But covid stuck in March 2020, which changed everything for the company. “This thing, which we’d been hearing about in December, then January and February, came along – and by March it was here. We first sent everybody home and said, ‘Okay, we’re going to hunker down and get through this,’ and we thought we would be at home for two, maybe four weeks. But that time came and went,” he said.
“One of the scariest things for us at Glassdoor was that we made all of our money through recruiting. And one thing that almost every company across the world did when covid hit was they stopped recruiting. There were hiring freezes and that meant that our revenue basically dried up overnight. That’s a pretty scary proposition if you’re looking down the barrel of no revenue for a really extended period with no end in sight.”
Mr Sutherland-Wong reflected on the major learnings of the past few years, one of which was being forced to prioritise. This process laid the foundations for a new strategy and a strategic shift in the company, however, he said this shift would take at least a couple of years to effect. A decision was made to accelerate into the new strategy but also shut down other parts of the business which were not viewed as being core over the long-term.
“That was a hard decision,” he said. “It also meant that we went through layoffs. And I’d never in my career, up until that time, been firsthand to layoffs. And now here I was, a new CEO, having to deliver layoffs to the company. That was absolutely the hardest thing I’ve ever done in my career.”
The company laid off about 300 people, which accounted for almost a third of its workforce, and Mr Sutherland-Wong recalled the day he had to deliver the bad news. “I still remember the day vividly when we announced we were doing the layoffs via Zoom, because obviously we were not together. And I turned off the Zoom call and just burst into tears. I can look back on that and say the decisions we made then seemed to be the right ones. The new strategy is working well for us. But it was absolutely the hardest thing to do, and it’s not something that I hope to do have to do again in my career. I certainly had a lot of learnings, with a baptism of fire taking over as CEO in 2020,” he said.
Career advice for aspirational leaders
In the interview, Ms Derrick quizzed Mr Sutherland-Wong about his leadership style, how this had changed over the years, and the most successful approach to leading people through good times and bad. He acknowledged that his inspirational moments have come from learning from other leaders on the job, particularly at LinkedIn and Glassdoor.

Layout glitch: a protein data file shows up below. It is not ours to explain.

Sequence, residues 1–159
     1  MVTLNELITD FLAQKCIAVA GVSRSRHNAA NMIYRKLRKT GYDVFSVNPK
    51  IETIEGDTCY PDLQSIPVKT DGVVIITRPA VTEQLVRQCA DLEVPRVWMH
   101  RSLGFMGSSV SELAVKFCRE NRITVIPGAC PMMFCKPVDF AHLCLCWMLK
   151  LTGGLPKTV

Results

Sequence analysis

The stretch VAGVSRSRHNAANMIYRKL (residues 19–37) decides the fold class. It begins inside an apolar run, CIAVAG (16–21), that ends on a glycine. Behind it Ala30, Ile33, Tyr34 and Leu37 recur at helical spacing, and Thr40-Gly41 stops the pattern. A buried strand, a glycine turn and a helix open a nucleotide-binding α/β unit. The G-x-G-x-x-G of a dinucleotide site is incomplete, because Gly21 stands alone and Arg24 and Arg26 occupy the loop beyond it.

“I learned so much from just observing them,” said Mr Sutherland-Wong, who said he thought the role of leaders was just to make the right business decisions in the earlier stages of his career. While this worked relatively well in terms of career success and responsibility, he said he didn’t appreciate the value of relationships enough and he was sometimes too quick to judge. “I started to see the leaders above me in these companies, and they had a different style. They were able to be more effective with larger groups of people and to get the best out of their people,” he said.
Mr Sutherland-Wong said his leadership style has changed noticeably over the years, and he now thinks leadership is more about creating the conditions for others to succeed, being clear about issues and expectations, and working with others to better understand their own drivers for performance. In adjusting his own style, he has seen how this has transformed the effectiveness of others who have gone from struggling to flourishing (along with their team) because of a more collaborative approach.
“People, if they have a relationship with you, will walk over hot coals and move mountains for you. They feel inspired. But if you treat them transactionally, you’re not going to get the best out of them,” he said.
For those who are new to leadership roles, he encouraged them to just embrace transparency. “It seems scary at first, but the more you embrace it, the more you will see how powerful it is. In the most basic sense, transparency is just a way in which you provide more information to people and treat them like adults to let them make informed decisions.
“The old style of thinking of companies hierarchically, in which people only get the information they need to know – companies like that end up underperforming companies that are more open with information with employees in a knowledge worker-based economy. You need to empower them to make decisions with more information,” he said. “CEOs now realise that’s actually the formula for success.”